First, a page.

Acme Corporation

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Acme Corporation
TypeFictional company
 
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Acme Corporation
TypeFictional company
A real-world advertisement for ACME anvils.

The Acme Corporation is a fictional corporation that features prominently in the Road Runner/Wile E. Coyote cartoons as a running gag featuring outlandish products that fail catastrophically at the worst possible times. The name is also used as a generic title in many cartoons, films and TV series.

The company name in the Road Runner cartoons is ironic, since the word acme is derived from Greek (αιχμή / ακμή ; English transliteration: acmē) meaning the peak, zenith or prime, and products from the fictional Acme Corporation are both generic and failure-prone.

Origin[edit]

The name Acme became popular for businesses by the 1920s, when alphabetized business telephone directories such as the Yellow Pages began to be widespread. There were a flood of businesses named Acme (some of these still survive[1]). For example, early Sears catalogues contained a number of products with the "Acme" trademark, including anvils, which are frequently used in Warner Bros. cartoons.[2]

We were little madcaps along the beach and we did what we enjoyed doing and could get dirty and could eat hot dogs and so on. Since we had to search out our own entertainment, we devised our own fairy stories. If you wanted a bow and arrow you got a stick. If you wanted to conduct an orchestra you got a stick. If you wanted a duel you used a stick. You couldn't go and buy one; that's where the terms acme came from. Whenever we played a game where we had a grocery store or something we called it the ACME corporation. Why? Because in the yellow pages if you looked, say, under drugstores, you'd find the first one would be Acme Drugs. Why? Because "AC" was about as high as you could go; it means the best; the superlative.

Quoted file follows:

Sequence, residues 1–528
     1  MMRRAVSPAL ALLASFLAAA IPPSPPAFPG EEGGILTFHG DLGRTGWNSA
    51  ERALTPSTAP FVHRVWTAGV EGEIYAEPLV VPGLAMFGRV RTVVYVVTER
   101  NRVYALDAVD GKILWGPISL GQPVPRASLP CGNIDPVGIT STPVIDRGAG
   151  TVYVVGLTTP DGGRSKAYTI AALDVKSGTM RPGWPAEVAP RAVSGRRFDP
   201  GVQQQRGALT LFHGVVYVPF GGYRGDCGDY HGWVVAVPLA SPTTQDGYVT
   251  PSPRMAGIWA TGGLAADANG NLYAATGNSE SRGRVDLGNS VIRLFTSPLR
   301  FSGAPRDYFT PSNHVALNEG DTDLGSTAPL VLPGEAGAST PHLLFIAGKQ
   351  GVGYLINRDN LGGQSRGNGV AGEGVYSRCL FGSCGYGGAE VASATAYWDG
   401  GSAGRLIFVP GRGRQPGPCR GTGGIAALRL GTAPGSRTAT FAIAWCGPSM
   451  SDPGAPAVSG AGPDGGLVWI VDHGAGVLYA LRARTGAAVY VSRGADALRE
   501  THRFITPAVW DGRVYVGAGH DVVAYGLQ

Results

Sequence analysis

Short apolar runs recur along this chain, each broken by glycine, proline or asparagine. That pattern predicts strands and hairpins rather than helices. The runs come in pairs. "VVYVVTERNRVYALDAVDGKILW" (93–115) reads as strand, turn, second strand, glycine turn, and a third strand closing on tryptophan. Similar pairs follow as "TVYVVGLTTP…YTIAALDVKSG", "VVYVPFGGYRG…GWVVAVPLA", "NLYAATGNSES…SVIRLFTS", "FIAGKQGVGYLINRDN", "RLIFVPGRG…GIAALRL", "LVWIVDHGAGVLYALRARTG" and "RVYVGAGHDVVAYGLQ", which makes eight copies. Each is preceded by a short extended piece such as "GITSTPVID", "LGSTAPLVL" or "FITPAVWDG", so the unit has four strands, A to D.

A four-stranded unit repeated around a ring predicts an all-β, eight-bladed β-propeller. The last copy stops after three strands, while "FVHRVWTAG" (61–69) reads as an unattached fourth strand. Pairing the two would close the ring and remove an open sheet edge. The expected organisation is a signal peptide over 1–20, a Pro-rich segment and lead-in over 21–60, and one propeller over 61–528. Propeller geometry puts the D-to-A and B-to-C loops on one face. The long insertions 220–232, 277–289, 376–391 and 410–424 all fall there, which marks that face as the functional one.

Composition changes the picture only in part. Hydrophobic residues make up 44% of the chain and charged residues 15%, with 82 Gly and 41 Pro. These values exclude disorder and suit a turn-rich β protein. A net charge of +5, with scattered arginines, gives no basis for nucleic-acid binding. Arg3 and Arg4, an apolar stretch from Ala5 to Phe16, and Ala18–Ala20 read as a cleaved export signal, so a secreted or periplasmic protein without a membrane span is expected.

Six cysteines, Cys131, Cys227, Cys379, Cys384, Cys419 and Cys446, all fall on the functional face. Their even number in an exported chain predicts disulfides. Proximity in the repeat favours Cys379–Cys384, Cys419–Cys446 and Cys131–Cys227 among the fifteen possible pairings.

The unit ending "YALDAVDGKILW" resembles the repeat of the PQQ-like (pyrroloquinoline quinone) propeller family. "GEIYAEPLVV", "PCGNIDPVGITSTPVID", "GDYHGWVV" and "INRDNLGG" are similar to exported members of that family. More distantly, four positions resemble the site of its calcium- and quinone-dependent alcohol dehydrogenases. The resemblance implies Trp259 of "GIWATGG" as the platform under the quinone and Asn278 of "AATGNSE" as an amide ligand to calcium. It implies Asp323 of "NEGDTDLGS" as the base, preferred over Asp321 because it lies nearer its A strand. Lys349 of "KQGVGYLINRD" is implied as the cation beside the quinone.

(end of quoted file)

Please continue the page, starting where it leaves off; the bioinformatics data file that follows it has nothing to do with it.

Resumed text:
Fictional depiction[edit]

The company is never clearly defined in Road Runner cartoons but appears to be a conglomerate which produces every product type imaginable, no matter how elaborate or extravagant - none of which ever work as desired or expected. In the Road Runner cartoon Beep, Beep, it was referred to as "Acme Rocket-Powered Products, Inc." based in Fairfield, New Jersey. Many of its products appear to be produced specifically for Wile E. Coyote; for example, the Acme Giant Rubber Band, subtitled "(For Tripping Road Runners)".

Sometimes, Acme can also send living creatures through the mail, though that isn't done very often. Two examples of this are the Acme Wild-Cat, which had been used on Elmer Fudd and Sam Sheepdog (which doesn't maul its intended victim); and Acme Bumblebees in one-fifth bottles (which sting Wile E. Coyote). The Wild Cat was used in the shorts Don't Give Up the Sheep and A Mutt in a Rut, while the bees were used in the short Zoom and Bored.

While their products leave much to be desired, Acme delivery service is second to none; Wile E. can merely drop an order into a mailbox (or enter an order on a website, as in the Looney Tunes: Back in Action movie), and have the product in his hands within seconds.

Appearances[edit]

The name "Acme" is used as a generic corporate name in a huge number of cartoons, comics, television shows (as early as an I Love Lucy episode), and film (as early as Buster Keaton's 1920 silent film Neighbors and Harold Lloyd's 1922 film Grandma's Boy).

Examples which specifically reference the Wile E. Coyote cartoon character include:

Animated films, TV series[edit]

Live-action films, TV series[edit]

Music[edit]

Legal humor[edit]

Other[edit]

See also[edit]

References[edit]

  1. ^ For example, Acme Brick, Acme Markets, Acme Boots.
  2. ^ E.O. Costello. "ACME". The Warner Brothers Cartoon Companion. 
  3. ^ Peggy Stern and John Canemaker (filmmakers) (March 24, 2009). Chuck Jones: Memories of Childhood (Documentary). Turner Classic Movies and Warner Bros. Event occurs at 12 min. Retrieved April 29, 2009. 
  4. ^ Catálogo Cogumelo 30 anos. Cogumelo Records. 2012. p. 83. 
  5. ^ Gordon III, James E., "A Bibliography of Humor and the Law", 1992 BYU Law Review No.2 427 at 451, retrieved August 15, 2013 from http://www.law2.byu.edu/lawreview4/archives/1992/2/gordo.pdf
  6. ^ Wile E. Coyote, Plaintiff. vs. Acme Company, Defendant IN THE UNITED STATES DISTRICT COURT, SOUTHWESTERN DISTRICT, TEMPE, ARIZONA CASE NO. B19294, JUDGE JOAN KUJAVA, PRESIDING Frazier, Ian, The New Yorker, February 26, 1990, p. 42-44 Satire.
  7. ^ "Journal of acme (189)". use Perl;. May 23, 2001. 
  8. ^ "What does ACME stand for?". AcronymFinder. 

External links[edit]